Raised garden beds, also known as garden boxes, have been gaining popularity due to their beneficial environment for flower and vegetable gardens to thrive and accessibility and adaptability. The contained boxes provide:
- Protection from weeds and pests
- Prevention of soil compaction and erosion
- Proper water drainage
- Ease of access to plants for gardeners who want to avoid the pain of constant bending and kneeling
You can purchase raised garden beds at most home improvement stores or garden supply centers, but building one is a relatively simple and cheap task. With a few hours out of your weekend, you'll have a 10x4-foot garden bed full of luscious soil ready for planting.
What You'll Need
- One 8-foot length of 2x10 cedar
- Two 10-foot length of 2x10 cedar
- Two 10-foot lengths of 2x4 cedar
- 3-inch deck screws
- Garden soil
- Jigsaw or circular saw
- Framing square
- Edger or spade
- Sod cutter
- 4-foot level
Using a jigsaw or circular saw, cut an 8-foot length of the 2x10 cedar in half. Holding one of the 10-foot 2x10's on edge, butt the end of a 4-foot 2x10 up to is so the face of the longer board overlaps the end of the shorter board.
Use your drill to sink three 3-inch screws through the face of the long side into the end of the short side. Attach the other sides together, continuing to use three 3-inch screws on each corner, overlapping the long sides over the short sides.
After the four sides of the bed are assembled, use your framing square in each corner to adjust the fram until the corner lines up square. Leaving the corners perfectly square, tack scrap lumber across each corner with 3-inch screws to hold the frame in position.
Move the frame to the spot you wish to place it. Raised garden beds need to be placed in sunny areas. Using your edger or garden spade, mark the ground around the perimeter of the bed frame.
Set your frame aside and use your sod cutter to skim away the grass layer within the marked perimeter. To increase drainage for your bed, turn the soil beneath the bed area with a pitchfork or rotary tiller.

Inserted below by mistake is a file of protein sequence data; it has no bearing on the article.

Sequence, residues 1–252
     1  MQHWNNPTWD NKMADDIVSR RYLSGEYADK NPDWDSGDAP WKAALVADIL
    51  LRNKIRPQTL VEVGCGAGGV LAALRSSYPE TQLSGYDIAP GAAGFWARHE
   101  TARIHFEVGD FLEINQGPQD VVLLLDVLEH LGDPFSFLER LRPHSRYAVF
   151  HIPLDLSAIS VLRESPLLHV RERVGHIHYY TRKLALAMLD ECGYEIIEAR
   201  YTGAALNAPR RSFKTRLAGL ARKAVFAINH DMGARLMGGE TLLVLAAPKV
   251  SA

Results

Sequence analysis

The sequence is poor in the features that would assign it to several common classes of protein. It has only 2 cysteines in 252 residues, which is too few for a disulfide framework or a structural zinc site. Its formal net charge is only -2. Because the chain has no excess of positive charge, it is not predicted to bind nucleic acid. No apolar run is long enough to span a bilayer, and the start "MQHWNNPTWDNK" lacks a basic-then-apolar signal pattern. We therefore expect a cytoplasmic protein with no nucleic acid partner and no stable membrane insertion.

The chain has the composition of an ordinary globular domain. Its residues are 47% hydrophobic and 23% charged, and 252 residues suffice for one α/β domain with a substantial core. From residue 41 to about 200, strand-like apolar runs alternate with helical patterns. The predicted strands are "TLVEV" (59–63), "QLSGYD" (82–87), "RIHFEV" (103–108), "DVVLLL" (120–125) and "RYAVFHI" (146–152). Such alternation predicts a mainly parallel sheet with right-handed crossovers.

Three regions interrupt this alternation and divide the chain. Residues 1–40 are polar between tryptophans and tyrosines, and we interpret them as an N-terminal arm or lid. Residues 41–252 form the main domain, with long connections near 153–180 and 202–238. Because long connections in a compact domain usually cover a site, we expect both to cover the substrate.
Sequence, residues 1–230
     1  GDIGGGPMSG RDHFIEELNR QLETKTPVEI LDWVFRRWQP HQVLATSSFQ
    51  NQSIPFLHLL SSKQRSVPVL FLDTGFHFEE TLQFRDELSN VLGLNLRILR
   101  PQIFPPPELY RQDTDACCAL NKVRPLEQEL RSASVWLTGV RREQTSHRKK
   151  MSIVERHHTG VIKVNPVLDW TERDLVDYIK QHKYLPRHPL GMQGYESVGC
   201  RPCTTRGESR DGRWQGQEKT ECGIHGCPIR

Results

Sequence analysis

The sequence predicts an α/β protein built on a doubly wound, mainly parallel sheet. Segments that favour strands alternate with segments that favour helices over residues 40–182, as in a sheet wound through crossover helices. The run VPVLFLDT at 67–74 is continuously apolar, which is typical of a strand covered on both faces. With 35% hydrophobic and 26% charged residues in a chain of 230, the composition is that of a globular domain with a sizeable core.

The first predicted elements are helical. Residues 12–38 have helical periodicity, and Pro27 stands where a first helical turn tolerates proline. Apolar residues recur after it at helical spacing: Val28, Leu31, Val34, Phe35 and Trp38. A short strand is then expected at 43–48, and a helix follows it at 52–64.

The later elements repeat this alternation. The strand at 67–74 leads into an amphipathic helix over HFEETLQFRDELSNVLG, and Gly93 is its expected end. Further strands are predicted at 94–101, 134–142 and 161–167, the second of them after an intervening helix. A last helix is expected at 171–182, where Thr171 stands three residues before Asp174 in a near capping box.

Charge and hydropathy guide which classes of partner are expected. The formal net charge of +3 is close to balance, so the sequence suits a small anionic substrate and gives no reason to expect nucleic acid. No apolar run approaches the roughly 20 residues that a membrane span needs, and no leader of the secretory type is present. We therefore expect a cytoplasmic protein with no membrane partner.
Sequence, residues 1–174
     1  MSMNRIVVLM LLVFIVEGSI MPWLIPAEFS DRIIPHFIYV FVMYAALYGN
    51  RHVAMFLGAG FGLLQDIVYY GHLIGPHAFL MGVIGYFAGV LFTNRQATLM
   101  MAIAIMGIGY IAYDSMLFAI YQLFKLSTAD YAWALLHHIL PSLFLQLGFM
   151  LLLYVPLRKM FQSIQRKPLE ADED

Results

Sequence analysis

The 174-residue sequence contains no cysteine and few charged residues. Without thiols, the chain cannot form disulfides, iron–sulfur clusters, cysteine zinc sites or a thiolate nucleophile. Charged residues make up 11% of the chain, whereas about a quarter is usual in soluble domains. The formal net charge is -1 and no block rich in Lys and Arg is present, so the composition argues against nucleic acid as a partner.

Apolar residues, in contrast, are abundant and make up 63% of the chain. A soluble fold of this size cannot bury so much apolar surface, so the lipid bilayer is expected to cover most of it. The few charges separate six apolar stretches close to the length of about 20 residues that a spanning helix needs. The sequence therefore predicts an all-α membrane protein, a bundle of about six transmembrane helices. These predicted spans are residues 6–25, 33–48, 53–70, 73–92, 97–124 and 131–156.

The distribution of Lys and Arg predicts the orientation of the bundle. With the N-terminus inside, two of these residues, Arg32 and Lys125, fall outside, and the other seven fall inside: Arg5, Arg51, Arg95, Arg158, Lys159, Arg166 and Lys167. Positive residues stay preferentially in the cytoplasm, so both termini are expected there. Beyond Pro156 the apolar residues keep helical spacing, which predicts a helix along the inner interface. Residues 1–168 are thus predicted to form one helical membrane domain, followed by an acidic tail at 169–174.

Place your frame back in place over the tilled area. Using your level, check the position of the frame. If uneven, dig the soil beneath the frame until it sits level on all sides.
Cut ten 2-foot-long pieces of 2x4. Make two diagonal cuts on one end of each piece, creating a point. With your sledgehammer, drive the stakes at leach 18 inches into the ground along the outside of the long sides of the frame at 2 ½-foot intervals. Secure each stake to the frame with three 3-inch screws.
Remove the temporary corner braces from step 2 and drive a stake inside each corner. On one short side of the bed frame, secure the stakes with screws driven through the frame on both sides of each corner. Leave the screws off on the other short side.
Remove the opposite unscrewed short side of the bed so you can fill the frame with a mixture of soil and compost. Level out the soil and continue filling until it is 2 to 3 inches from the top of the frame.
When finished filling, replace the short side of the bed and use your drill to secure it with the long sides and to the corner stakes. Using a handsaw, cut the top of each stake even with the top of the frame.
Tips for Successful Planting
Once your raised garden bed is complete and you've planted your flowers, vegetables, plants, etc., water the bed thoroughly and then cover the soil with approximately an inch of mulch made with grass clippings. This will help keep the soil most and prevent weeds from growing.
For more DIY tips on gardening, landscaping, home decor and more, follow us on Pinterest.